Not to pile on too much against ESPN (in this space last week we questioned its anchors being advertising pitchmen), but we could have lived without the five-part SportsCenter series "Gambling in Sports: The National Pastime" last week.
For one thing, the packaging of it with the ballyhooed Hustle movie was far too cute. We're not stupid, we could see the network trying to work us into a degenerate gambling froth, preferably one that would end Saturday night on the couch with their latest foray into original programming.
Parts of the SportsCenter series were laughable, others lazy and less informative than they should have been. A segment on the point-shaving scandal with the 1993-94 Arizona State men's basketball team relied on old interviews with all parties, failing to show what the guilty are doing now.
A segment on poker's underbelly _ young people spending countless hours and money playing online _ rang hollow considering how much ESPN promotes this foolishness. The network is not to blame for an individual's decision to mortgage the future on card games, but after glorifying poker for hours every week, showing a few minutes on its dark side seems trite.
On the whole, it is hilarious to watch SportsCenter turn into 60 Minutes when "investigating" gambling. The undertones of betting on an all-sports network are constant, either in subtle forms (the never-ending ticker) or in your face ("Hammerin"' Hank Goldberg's Sunday morning football picks).
Perhaps any investigations could start within the Bristol, Conn., offices, where Mike Freeman reported in his 2000 book ESPN: The Uncensored History that gambling was rampant.
Instead, we're subjected to a five-part series ending in a Pete Rose movie. Oh, well, we watched it all, so you win, ESPN. Again.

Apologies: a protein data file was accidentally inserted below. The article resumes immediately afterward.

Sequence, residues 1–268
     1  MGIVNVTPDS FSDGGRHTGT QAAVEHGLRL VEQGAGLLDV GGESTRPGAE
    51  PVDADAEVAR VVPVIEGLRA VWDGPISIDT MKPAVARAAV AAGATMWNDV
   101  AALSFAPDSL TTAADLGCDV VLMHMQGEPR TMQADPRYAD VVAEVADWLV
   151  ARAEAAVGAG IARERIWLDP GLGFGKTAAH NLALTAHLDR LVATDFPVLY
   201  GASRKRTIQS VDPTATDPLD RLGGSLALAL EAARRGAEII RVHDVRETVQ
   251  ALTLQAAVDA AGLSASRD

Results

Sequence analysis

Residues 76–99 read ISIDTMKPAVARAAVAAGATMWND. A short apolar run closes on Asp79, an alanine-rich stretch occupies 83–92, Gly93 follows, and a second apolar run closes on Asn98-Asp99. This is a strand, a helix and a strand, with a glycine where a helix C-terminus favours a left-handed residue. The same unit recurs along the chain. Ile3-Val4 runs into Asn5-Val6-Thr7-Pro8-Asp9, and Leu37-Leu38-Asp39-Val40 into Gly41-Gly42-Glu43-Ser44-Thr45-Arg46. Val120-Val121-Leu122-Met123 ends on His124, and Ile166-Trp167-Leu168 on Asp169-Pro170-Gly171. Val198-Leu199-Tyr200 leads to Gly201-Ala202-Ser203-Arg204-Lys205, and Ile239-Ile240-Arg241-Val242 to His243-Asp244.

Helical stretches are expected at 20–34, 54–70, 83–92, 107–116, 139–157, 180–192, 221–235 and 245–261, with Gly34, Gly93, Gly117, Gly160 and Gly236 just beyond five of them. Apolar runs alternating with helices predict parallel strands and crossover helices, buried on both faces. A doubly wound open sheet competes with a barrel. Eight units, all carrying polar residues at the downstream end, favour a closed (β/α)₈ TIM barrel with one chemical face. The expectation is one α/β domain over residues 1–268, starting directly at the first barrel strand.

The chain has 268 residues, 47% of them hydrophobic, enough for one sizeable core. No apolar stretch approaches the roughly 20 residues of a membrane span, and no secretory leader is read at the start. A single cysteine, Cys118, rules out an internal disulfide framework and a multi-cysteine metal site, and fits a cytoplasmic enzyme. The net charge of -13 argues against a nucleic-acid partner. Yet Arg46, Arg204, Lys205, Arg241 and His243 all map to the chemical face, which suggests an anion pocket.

Baseball's new living legend
Today's baseball is all about the long ball, but true fans have to tip their caps at Ichiro Suzuki for the terrific record he's about to topple.
With 250 hits, going into today's game at Texas, the Mariners star is just seven away from breaking an 84-year-old mark, George Sisler's record of 257 hits in one season.
The number probably does not come to mind immediately for most fans the way 2,632 (Cal Ripken consecutive games), 4,256 (Pete Rose career hits) or 73 (Barry Bonds homers in one season) does, but believe it _ 257 is darned special.
Of course, baseball in 1920 was a different game. Home runs were not hit anywhere near as often as today, but contact hitters thrived in an era in which they could get many looks at one starter who almost always pitched a complete game.
Different indeed: seven players in the 1920s batted over .400 and Sisler played for the St. Louis Browns.
Ichiro almost certainly will break the mark (his 242 hits in 2001 are ninth most in a season), and that's phenomenal any way you look at it. Consider the current game, with specialized pitchers who throw nasty stuff.
Consider playing in Seattle with all the travel and, for Ichiro, the suffocating Japanese media. He has not missed a game this season, which in itself is rare today.
Naysayers may throw out the fact that Sisler amassed his hits in a 154-game season, but forget the asterisk. Ichiro's hits record is the stuff of legend.
_ JOHN SCHWARB, Times staff writer